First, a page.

2020 Lineup for Vancouver Queer Film Festival Announced!

The films that I was viewing all explored in one way or another transformation, resilience, and survival. These themes continued to reverberate through all the content I was seeing; in films from Turtle Island, Switzerland, India, Vietnam, and Georgia; in documentaries, narratives, and experimental work. I could feel how deeply queer filmmakers were determined to depict our lives as worth living, worth fighting for, worth celebrating, worth mourning – that we are worthy of seeing and being seen because we are necessary, beautiful, and complex. And that is what you will see at this year’s VQFF.” – Artistic Director Anoushka Ratnarajah on the theme ‘Still here’

The Vancouver Queer Film Festival (VQFF) released its complete lineup for the 11-day digital film festival, taking place August 13-23. Award-winning international, national, and local filmmakers will be showcased alongside more than 60 films from 10 countries, in addition to virtual parties and post-screening Q&As. Festival passes and tickets are available online at www.queerfilmfestival.ca

VQFF 2020 opens with director Elegance Bratton’s Pier Kids, an uncut guerilla-style documentary that unearths Black queer resourcefulness and resilience at its core. The film follows the life of Black Trans woman, Crystal LaBeija and other Queer and Trans youth of colour at the Christopher Street Pier in New York City. The unifying effects of the Pier Kids resonate through the veil of safety, solace, and the promise of chosen family. Elegance Bratton will be joining the Festival at a virtual Q&A along with producer Chester Algernal Gordon.

Image: Pier Kids, Elegance Bratton

VQFF will also feature two special presentations of seminal queer women’s history. Ahead of the Curve is a documentary about the history of Curve Magazine, the longest-running lesbian publication in history. Ahead of the Curve celebrates, honours, and interrogates the legacy of a movement while considering the shifts and contractions necessary to create a more representative future for all queer women.

Image: Ahead of the Curve, Jen Rainin

VQFF will also screen 1993’s Long Time Comin’, a documentary that charts the work of two Black queer Canadian artists: folk/jazz singer-songwriter Faith Nolan and multimedia visual artist Grace Channer. Using a combination of interviews and vérité footage of the women at work, Brand showcases their projects as well as their thoughts on art, race, and sexuality. Long Time Comin’ explores the nuances of the Black Queer femme experience as they navigate occupying privileged spaces, highlighting the significance of Black womxn in queer advocacy.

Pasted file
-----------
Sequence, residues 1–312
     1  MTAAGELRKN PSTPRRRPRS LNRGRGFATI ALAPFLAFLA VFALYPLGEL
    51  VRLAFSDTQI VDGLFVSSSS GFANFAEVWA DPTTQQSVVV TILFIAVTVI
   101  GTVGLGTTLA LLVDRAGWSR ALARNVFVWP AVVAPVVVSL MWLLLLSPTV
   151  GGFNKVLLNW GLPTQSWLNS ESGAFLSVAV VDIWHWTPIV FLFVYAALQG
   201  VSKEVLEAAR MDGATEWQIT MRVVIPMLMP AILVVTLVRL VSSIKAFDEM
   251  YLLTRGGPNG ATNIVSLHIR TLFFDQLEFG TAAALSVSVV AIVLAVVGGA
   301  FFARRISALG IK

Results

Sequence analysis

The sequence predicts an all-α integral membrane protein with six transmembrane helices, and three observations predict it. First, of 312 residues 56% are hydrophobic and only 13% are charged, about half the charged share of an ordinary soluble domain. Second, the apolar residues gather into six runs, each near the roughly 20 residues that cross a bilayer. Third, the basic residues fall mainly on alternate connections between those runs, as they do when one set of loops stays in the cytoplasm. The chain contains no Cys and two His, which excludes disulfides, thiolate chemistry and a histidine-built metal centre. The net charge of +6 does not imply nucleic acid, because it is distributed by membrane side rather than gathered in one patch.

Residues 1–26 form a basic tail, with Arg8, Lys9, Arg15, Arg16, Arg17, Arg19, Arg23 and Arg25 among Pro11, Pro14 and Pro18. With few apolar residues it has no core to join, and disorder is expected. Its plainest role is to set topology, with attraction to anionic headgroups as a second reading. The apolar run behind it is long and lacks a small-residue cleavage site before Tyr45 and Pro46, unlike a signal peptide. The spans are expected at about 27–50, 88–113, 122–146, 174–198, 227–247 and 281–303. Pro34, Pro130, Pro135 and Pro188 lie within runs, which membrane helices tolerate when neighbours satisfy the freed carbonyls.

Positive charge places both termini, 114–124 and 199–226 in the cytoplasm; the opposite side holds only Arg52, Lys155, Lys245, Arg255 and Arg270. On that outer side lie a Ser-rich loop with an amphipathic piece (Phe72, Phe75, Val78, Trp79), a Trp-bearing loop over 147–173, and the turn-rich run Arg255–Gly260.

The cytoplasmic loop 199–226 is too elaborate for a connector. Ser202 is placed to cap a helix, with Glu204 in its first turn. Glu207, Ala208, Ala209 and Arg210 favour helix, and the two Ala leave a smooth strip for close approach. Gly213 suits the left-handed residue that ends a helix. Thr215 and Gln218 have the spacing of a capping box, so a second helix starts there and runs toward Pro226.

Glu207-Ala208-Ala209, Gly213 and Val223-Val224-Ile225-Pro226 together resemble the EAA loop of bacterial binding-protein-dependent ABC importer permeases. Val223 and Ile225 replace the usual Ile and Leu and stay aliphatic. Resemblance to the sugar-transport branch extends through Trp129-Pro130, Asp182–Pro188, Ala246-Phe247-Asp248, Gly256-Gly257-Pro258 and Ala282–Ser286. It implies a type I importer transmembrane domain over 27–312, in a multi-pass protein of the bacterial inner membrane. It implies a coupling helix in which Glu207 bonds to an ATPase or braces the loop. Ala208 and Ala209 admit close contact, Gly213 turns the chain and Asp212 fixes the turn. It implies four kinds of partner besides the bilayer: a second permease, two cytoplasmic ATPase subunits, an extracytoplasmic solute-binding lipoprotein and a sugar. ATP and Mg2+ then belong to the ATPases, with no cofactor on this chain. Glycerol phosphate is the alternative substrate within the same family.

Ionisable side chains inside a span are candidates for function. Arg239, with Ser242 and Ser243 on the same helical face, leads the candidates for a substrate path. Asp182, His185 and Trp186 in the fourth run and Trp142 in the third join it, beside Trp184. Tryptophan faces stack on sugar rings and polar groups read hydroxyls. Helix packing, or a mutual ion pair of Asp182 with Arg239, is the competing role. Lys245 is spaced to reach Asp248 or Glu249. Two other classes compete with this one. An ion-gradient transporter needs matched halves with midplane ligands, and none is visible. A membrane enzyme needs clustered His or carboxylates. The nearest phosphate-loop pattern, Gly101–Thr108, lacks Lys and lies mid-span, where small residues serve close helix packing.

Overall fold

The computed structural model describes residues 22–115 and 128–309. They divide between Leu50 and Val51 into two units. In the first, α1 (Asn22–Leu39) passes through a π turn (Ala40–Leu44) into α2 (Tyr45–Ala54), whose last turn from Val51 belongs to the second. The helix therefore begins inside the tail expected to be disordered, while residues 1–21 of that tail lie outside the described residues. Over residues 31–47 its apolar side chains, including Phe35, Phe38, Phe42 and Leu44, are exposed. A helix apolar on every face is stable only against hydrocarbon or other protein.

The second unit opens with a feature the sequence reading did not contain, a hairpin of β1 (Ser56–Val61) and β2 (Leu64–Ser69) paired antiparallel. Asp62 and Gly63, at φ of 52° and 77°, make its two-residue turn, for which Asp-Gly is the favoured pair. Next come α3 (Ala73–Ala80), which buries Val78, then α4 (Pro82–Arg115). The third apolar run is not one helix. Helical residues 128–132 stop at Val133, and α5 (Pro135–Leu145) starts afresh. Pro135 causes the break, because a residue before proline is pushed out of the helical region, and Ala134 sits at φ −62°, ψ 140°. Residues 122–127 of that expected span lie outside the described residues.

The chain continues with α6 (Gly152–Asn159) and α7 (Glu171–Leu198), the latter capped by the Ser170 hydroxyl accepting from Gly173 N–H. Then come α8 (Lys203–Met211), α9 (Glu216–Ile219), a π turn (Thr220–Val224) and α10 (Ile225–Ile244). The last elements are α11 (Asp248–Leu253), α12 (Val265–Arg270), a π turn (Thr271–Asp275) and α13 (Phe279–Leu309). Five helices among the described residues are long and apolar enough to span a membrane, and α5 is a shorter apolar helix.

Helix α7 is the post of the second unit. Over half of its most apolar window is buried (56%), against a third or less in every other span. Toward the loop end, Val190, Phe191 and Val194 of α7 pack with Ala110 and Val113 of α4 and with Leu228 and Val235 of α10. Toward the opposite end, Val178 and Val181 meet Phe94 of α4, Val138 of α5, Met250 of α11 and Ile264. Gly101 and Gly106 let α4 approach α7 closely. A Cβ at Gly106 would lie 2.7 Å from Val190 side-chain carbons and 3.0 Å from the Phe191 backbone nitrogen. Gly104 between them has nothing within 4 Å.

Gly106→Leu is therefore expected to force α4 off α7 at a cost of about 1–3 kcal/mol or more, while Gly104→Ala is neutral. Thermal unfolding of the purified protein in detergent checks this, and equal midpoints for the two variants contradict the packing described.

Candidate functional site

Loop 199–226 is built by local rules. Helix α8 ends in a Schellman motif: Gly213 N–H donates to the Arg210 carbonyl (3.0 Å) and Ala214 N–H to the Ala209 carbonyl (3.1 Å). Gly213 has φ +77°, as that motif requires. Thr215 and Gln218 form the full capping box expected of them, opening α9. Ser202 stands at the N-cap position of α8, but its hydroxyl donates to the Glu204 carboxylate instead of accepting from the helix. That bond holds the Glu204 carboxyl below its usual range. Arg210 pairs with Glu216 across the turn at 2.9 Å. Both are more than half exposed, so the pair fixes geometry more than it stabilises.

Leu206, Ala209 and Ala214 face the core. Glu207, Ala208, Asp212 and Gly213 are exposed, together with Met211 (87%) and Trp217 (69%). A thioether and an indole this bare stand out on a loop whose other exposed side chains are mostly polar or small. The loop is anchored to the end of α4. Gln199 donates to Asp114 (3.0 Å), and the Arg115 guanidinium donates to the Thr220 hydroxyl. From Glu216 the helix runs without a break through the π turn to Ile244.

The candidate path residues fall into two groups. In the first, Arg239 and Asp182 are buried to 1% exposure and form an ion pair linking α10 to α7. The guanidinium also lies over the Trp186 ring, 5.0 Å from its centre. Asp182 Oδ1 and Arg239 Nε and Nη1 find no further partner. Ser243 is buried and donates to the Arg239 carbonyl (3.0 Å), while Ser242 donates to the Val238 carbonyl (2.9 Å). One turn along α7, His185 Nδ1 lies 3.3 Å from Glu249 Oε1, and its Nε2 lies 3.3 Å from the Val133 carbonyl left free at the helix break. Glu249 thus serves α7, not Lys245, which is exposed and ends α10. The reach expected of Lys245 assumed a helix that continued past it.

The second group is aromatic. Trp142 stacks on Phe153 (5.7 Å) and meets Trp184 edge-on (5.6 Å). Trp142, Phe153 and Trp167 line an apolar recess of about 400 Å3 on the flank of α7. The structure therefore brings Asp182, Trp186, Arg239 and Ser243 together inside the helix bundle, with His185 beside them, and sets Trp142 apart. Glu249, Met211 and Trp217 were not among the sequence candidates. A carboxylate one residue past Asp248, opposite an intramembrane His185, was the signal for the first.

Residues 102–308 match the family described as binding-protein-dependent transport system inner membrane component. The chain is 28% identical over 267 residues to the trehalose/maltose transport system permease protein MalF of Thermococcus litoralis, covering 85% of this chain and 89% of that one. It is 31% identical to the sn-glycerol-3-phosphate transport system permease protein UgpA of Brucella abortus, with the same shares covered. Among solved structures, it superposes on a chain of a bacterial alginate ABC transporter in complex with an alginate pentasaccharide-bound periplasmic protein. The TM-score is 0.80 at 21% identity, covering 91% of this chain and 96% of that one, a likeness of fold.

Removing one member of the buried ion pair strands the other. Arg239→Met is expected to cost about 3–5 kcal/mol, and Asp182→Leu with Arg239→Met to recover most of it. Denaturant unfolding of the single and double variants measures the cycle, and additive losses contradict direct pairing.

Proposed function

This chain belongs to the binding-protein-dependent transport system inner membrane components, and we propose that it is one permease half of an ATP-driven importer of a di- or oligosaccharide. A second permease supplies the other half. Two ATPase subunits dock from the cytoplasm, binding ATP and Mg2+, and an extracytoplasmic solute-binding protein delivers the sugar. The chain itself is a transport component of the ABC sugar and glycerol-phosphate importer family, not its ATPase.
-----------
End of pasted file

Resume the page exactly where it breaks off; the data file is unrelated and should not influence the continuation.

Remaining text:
Image: Long Time Comin’, Dionne Brand

The dynamic of colonial trauma and the struggle for queer people to find a safe and loving place in their culture is explored in director Trinh Dinh Le Minh’s sweet debut feature film Goodbye Mother. Nau Van is returning home from the United States in an emotional homecoming, as it marks the memorial of his father’s passing. He is bringing his Vietnamese-American boyfriend, Ian, under the guise of friendship, since he is not out to his family. Van struggles to resist his loving but single-minded mother’s expectations, torn between his duty to his family and the freedom of his life abroad with Ian. It’s an honest and sensitive portrayal of the compromises queer people of colour have to make to stay connected to the people we love most.

Image: Goodbye Mother, Trinh Dinh Le Minh

International programming reflects the urgency of queer rights with Georgian documentary March For Dignity. The documentary follows a small group of LGBTQ activists in Tbilisi, Georgia, as they plan for the first-ever Pride March in the country. Queer and trans rights are virtually non-existent for Georgians, and activists face harsh and overwhelming opposition from far-right nationalist groups, the Georgian Orthodox Church and politicians. With membership within the European Union and anti-Russian imperialism as a geopolitical backdrop, this film is a dense and complex depiction of a nation at a turning point, with its vulnerable queer citizens on the front lines of conversations around national identity.

Image: March for Dignity, John Eames

For the complete Festival lineup, screening dates and times, and ticket pricing and booking, please visit www.queerfilmfestival.ca.

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